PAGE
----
Where to Get Your Christmas Tree in the Hamptons or North Fork

Find your Christmas tree on the East End!
Find your Christmas tree on the East End! Photo: Cathy Yeulet/123RF

Where To Get Your Local Christmas Tree
Picking out the perfect tree (aka “Chanukah bush”) is of the utmost importance. Here are a couple tips to make sure yours is the best. First, if there are a lot of needles on the ground around the tree, pick another one. To make sure a tree is fresh, grab a branch and pull your hand towards you along the branch. The needles should not fall off. And remember, the trees in the field look small when the sky is the ceiling, so measure.

Dart’s Christmas Tree Farm is a three-generation historic family farm in Southold. This year, Dart’s features premium pre-cut Fraser fir and Concolor fir in their Magic Forest area. Following successive years of heavy harvesting, Dart’s will not be offering cut-your-own trees in their fields this year. 2355 Main Bayview Road, Southold. 631-765-4148, dartschristmastreefarm.com

Finks Country Farm in Wading River offers a large variety of Douglas, Fraser, Concolor and Noble Fir trees. You won’t only find trees there, though. On December weekends, Fink’s will feature a kiddie train ride, pony rides and other live animals, hot cider, holiday music, visits by Santa Claus and more. 6242 Middle Country Road, Wading River. 631-886-2272, finksfarm.com.

You can cut your own trees at Lewin’s Christmas Tree Farm. Get there early as it takes longer than one might think to cut down a tree. Trees at Lewin’s range from 1 to 15 feet and include Douglas fir, Blue Spruce, Norway Spruce and White Pine. 812 Sound Avenue, Wading River. 631-929-4327, lewinfarm.com

Santa’s Christmas Tree Farm is open April–January for all of your tree needs, on more than 23 acres with Douglas and Concolor Fir and Blue Spruce trees, all of which are sprayed for insects and diseases and are sheared annually to encourage a pleasing shape and density. They provide the saws, all you have to do is pick out your tree and cut it down. 30105 Main Road, Cutchogue. 631-734-8569, santaschristmastreefarm.com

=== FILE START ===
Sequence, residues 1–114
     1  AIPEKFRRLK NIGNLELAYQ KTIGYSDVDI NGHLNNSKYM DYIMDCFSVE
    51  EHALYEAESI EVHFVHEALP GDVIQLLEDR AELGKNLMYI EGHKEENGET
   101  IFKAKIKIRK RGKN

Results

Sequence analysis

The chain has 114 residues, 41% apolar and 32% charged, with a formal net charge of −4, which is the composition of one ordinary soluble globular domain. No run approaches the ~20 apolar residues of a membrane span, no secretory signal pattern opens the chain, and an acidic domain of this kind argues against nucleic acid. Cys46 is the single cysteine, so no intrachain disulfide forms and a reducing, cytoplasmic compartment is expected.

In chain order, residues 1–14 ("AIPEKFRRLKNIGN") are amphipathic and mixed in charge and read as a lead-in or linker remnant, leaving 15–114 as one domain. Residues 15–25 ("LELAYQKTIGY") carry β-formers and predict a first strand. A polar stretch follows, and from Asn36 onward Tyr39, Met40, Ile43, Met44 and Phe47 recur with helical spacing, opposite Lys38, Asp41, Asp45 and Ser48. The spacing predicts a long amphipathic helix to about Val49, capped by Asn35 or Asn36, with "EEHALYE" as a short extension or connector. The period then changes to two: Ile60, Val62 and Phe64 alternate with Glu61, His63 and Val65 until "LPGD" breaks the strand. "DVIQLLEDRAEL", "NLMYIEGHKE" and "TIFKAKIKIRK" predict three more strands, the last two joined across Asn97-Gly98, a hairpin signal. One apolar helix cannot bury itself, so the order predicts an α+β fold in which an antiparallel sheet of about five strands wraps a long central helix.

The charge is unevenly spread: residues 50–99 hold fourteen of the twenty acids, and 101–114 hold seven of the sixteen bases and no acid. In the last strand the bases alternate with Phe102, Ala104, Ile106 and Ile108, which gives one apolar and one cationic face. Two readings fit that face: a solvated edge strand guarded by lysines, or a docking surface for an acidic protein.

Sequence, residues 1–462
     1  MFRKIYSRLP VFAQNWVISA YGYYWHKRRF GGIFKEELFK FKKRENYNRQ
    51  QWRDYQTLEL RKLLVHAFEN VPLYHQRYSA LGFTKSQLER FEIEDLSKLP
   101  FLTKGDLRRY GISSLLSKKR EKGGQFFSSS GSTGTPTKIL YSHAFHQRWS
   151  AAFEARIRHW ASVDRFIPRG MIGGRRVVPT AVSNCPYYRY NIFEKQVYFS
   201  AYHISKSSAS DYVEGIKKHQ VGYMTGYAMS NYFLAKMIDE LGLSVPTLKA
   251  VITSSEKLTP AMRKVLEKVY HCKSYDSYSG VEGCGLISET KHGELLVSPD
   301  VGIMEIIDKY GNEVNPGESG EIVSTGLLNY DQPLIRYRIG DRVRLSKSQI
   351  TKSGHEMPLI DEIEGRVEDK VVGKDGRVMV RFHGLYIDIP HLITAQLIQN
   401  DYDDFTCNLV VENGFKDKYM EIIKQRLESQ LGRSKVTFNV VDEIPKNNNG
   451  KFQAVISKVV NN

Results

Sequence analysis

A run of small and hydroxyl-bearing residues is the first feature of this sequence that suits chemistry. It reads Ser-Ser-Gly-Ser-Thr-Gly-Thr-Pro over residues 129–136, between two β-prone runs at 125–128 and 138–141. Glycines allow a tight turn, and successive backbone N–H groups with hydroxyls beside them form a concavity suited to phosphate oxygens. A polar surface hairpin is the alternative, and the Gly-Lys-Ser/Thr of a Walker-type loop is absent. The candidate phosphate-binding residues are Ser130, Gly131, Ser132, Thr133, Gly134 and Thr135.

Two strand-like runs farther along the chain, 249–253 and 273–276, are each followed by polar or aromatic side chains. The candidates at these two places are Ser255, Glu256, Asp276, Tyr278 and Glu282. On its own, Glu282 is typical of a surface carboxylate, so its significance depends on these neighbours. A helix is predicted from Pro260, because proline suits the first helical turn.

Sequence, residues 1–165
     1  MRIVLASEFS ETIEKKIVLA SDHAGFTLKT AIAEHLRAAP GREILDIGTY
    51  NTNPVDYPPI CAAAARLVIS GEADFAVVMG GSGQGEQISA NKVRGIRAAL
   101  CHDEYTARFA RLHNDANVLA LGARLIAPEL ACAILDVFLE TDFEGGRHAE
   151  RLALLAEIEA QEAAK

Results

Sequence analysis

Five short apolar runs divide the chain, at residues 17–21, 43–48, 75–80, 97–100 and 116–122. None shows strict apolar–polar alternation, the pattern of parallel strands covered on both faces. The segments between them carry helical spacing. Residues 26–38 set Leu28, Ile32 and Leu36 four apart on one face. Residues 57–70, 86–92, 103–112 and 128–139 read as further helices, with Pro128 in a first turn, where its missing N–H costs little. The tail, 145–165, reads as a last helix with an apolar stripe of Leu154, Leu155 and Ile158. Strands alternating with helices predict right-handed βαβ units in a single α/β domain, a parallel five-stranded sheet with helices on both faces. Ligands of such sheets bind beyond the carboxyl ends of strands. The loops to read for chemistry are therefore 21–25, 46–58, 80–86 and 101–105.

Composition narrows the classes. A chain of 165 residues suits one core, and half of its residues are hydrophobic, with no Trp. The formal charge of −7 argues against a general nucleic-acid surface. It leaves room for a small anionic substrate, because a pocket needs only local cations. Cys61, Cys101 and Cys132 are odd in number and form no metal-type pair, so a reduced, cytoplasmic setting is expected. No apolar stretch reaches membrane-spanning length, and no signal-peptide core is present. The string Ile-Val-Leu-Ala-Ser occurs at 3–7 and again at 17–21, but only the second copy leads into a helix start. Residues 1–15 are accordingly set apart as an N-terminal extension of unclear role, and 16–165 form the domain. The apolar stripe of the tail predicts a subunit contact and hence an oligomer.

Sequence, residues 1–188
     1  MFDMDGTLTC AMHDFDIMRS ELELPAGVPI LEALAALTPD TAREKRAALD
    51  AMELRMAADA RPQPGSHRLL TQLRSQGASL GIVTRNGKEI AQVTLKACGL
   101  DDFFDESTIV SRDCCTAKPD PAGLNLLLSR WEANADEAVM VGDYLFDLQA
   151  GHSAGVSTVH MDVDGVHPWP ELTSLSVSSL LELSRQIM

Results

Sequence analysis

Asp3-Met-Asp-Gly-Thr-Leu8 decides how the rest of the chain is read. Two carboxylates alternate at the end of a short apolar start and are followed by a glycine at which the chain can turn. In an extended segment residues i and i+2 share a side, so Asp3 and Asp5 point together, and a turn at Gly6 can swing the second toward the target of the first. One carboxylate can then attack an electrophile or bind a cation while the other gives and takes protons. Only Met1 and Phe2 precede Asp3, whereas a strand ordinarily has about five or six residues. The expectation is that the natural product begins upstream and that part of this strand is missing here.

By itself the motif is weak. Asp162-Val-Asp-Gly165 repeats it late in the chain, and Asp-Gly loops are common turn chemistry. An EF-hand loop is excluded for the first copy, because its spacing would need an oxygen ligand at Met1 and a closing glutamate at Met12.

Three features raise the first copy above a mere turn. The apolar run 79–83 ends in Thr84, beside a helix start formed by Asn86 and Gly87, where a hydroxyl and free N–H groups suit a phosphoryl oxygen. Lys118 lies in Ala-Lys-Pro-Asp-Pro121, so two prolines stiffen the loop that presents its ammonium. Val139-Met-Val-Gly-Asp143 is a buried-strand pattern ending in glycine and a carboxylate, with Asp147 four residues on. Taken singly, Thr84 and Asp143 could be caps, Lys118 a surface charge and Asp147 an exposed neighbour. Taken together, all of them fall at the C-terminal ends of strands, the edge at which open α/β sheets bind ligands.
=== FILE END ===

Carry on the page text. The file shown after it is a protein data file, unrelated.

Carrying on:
Family owned and operated since 1987, Shamrock Christmas Tree Farm grows some of the most beautiful trees in the area. Grab the family and pick out a Douglas or Fraser Fir, or even a potted tree, balled tree or Charlie Brown Tree. 20685 Main Road, Mattituck. 631-298-4619, shamrockchristmastreefarm.com

Zuhoski Farms is operating two farms. On the corner of Bridge Lane and Route 48 in Cutchogue, they’ll be selling pre-cut Fraser and Douglas Firs. At 11825 Oregon Road, also in Cutchogue, on weekends only, you pick your favorite tree and they’ll cut it down. 631-734-5036, zuhoskifarms.com

Care And Keeping Of Your Tree
Now that you’ve gotten your tree home, get your saw out and trim about a half-inch off the bottom of the trunk, perpendicular to the stem axis, before setting in the tree stand. Water it. When trees are cut, they automatically ooze pitch, clogging up the pores. Cutting the bottom opens those pores back up and allows for better water absorption. Note: Drilling a hole in the base of the trunk does NOT improve water intake.

Make sure to keep the tree stand full of water—a fresh-cut tree can consume one gallon of water in a 24-hour period! As a general rule, provide one quart of water for every inch of stem diameter.

Use a properly sized tree stand. The tree’s outermost layers of wood take in water most efficiently, so you want to keep those intact.

You could even pack your tree stand with soil and “plant the tree.” If you do this, keep the soil wet.

Adding corn syrup, sugar or other additives to the water in the tree base is not proven to work. But if you have a secret family recipe, by all means go ahead.

Keep the tree away from all heat sources such as fireplaces, heat vents and direct sunlight. Also, use lights that produce only a small amount of heat. For the freshest trees, consider placing a humidifier in the same room. Note that dried out trees are a fire hazard. It takes only a second for a dried out tree to become engulfed in flames.

You don’t have to keep your home at snow-ready temperatures, but the colder the better for your Christmas tree. These trees thrive in cold-weather winter temperatures, after all.

The healthier you keep your tree, the less of a problem you’ll have with messy needle loss.

How To Properly Dispose Of Your Christmas Tree
Once Christmas is over and you want to get your piney friend out of the house, how do you do it?

In the town of Southampton, residents can take up to three trees to one of three transfer stations free of charge from January 1–31. The North Sea Center is located at 1370 Majors Path and is open seven days a week, 8 a.m.–4 p.m.

The Hampton Bays Center at 30 Jackson Avenue is also open seven days a week from 8 a.m.–4 p.m. The Westhampton Center is open Thursday–Tuesday from 8 a.m.–4 p.m. (The Sag Harbor transfer station is unable to accept trees.)

East Hampton Town Recycling Center at 260 Springs Fireplace Road will also take your tree free of charge. Bring it down to the weighing scale, and they’ll take it from there.

Of course, you could also call your favorite landscaper or commercial hauler to have it composted.

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